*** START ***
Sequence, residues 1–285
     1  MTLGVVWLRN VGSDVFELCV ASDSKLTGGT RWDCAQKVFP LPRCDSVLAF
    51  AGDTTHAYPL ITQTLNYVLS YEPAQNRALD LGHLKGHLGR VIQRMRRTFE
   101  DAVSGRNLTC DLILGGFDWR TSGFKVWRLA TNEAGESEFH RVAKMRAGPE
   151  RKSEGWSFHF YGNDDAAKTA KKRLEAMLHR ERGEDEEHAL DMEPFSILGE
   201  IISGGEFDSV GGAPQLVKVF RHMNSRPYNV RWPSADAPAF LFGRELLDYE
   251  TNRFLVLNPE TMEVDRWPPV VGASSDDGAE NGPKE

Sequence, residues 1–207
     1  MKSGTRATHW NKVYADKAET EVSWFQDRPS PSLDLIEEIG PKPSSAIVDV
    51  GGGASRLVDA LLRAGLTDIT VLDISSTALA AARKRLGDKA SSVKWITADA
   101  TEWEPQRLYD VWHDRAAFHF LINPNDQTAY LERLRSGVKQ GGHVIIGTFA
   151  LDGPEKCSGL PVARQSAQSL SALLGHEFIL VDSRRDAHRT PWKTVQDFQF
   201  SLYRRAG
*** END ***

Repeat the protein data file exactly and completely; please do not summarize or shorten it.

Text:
Sequence, residues 1–285
     1  MTLGVVWLRN VGSDVFELCV ASDSKLTGGT RWDCAQKVFP LPRCDSVLAF
    51  AGDTTHAYPL ITQTLNYVLS YEPAQNRALD LGHLKGHLGR VIQRMRRTFE
   101  DAVSGRNLTC DLILGGFDWR TSGFKVWRLA TNEAGESEFH RVAKMRAGPE
   151  RKSEGWSFHF YGNDDAAKTA KKRLEAMLHR ERGEDEEHAL DMEPFSILGE
   201  IISGGEFDSV GGAPQLVKVF RHMNSRPYNV RWPSADAPAF LFGRELLDYE
   251  TNRFLVLNPE TMEVDRWPPV VGASSDDGAE NGPKE

Sequence, residues 1–207
     1  MKSGTRATHW NKVYADKAET EVSWFQDRPS PSLDLIEEIG PKPSSAIVDV
    51  GGGASRLVDA LLRAGLTDIT VLDISSTALA AARKRLGDKA SSVKWITADA
   101  TEWEPQRLYD VWHDRAAFHF LINPNDQTAY LERLRSGVKQ GGHVIIGTFA
   151  LDGPEKCSGL PVARQSAQSL SALLGHEFIL VDSRRDAHRT PWKTVQDFQF
   201  SLYRRAG